Traditional is to serve with a dipping sauce of soy, vinegar, a bit of sugar and a generous sprinkle of dried chili flakes.

I sometimes buy a bunch of prepared bottled sauces (tiger sauce, peanut sauce, hot mustard) for variety, and for another variety, a basket of lettuce leaves, thin slice cucumbers, green onions, and use the mandoo as the center of a wrap up. These are NOT authentic peparations, more pan-Asian.

The result can be deep fried, steamed, tossed into soup (I'm not sure, but I think yaki mandoo refers to the fried version, mando is the 'won ton' itself) or pan fried, potsticker style. I sometimes add finely chopped, sauteed and drained mushrooms, cabbage. For vegetarian friends I just use mushrooms and cabbage. If you leave the ginger out, you can make this go into so many cuisines it isn't funny -- serve with sour cream, in any soup, with butter and sage.
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Old 11-13-2005, 03:23 PM   #14
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Here is a Yaki-mandu recipe

You can also visit this site to get it http://www.recipezaar.com/29439. I hope it helps

Libbie


Yaki-mandu (Korean eggroll) Recipe #29439

Great finger food for parties...always a hit. Much easier to prepare if you have a food processor.
1 lb ground beef or ground pork 2 yellow onions, diced 2 cups carrots, diced 1/2 green cabbage, boiled and diced,squeeze out excess water 2 green onions, cut thin 1/2 cup mushrooms, diced 2 eggs, divided (one egg will be needed to seal wrapper) 1/8 cup soy sauce 1 pinch salt and black pepper 2-3 packages of small egg roll wraps (found near produce section)
80-100 eggrolls (never really counted) Change size or US/metric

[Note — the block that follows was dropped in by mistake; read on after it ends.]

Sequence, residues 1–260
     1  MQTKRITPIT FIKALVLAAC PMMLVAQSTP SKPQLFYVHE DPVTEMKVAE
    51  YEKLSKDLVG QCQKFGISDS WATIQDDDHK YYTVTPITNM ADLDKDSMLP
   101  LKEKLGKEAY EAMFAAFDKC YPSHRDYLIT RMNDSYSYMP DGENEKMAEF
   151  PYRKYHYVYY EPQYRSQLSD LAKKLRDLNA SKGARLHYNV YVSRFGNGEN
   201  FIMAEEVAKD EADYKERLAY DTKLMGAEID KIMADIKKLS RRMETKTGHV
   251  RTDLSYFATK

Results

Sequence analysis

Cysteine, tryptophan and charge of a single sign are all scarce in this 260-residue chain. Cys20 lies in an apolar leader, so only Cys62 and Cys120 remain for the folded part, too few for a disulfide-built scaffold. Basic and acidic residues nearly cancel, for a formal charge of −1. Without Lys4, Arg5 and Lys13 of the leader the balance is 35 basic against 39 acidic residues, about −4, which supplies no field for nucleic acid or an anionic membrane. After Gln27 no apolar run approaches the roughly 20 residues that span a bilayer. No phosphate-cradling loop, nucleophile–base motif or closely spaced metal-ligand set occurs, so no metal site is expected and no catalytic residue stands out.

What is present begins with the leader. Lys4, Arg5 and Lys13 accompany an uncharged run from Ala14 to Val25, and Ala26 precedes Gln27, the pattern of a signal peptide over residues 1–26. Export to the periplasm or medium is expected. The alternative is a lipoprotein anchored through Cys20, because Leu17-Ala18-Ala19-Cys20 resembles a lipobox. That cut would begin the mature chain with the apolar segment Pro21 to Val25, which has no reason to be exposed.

Change to: eggrolls (never really counted) US Metric

1 hour 20 minutes 1 hr prep</B>


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rnum=Math.round(Math.random() * 100000);document.write('');
  1. Keep the ground beef in the fridge until you are done preparing the rest of the ingredients.
  2. Mix ingredients in large bowl (it's best to use your hands like preparing a meatloaf).
  3. Scoop some of the mixture into a smaller bowl and keep the rest in the fridge until you are ready for it (wrapping is time consuming and you don't want the meat to be out any longer than it needs to be).
  4. Mix a raw egg in a small bowl or cup, or use a small bowl of water.
  5. Place a "sheet" of the eggroll wrap on work surface in front of you then spoon a teaspoonful of meat mixture into the center of the wrapper, dip finger into egg to spread it onto two adjoining edges of the wrapper and fold in half diagonally to seal it (will look like triangle).
  6. Press edges together and gently hold eggroll in hand and carefully squeeze out excess air as you are sealing.
  7. Deep fry until golden brown (for healthier method, steam/pan fry with less oil).
  8. Dipping sauce: Mix 1/4C soy sauce, 1 t red pepper and 1 t sesame seed.
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Old 05-26-2008, 11:44 PM   #15
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Quote:
Originally Posted by Barbara L View Post
Damp Charcoal,

This sounds like what you are looking for, from Ask Jeeves:

"Thousand-year eggs are a Chinese delicacy. Despite the name, they are actually only 100-day old duck eggs preserved in a mixture of charcoal and lime. They are greenish in color, and have a creamy cheese-like flavor. They are also known as century eggs, and have a strong aroma.
They are often served with rice congee or other dishes to dilute the taste, or alone as a side dish."

:) Barbara
Actually, I like them just fine, served on toast. The chemistry of the egg is heavily alkaline, so it changes the balance of your mouth which is normally acid.

After eating one, sweet things will taste bitter for a while (ie. milk). tinse out with water to clear the palate a bit.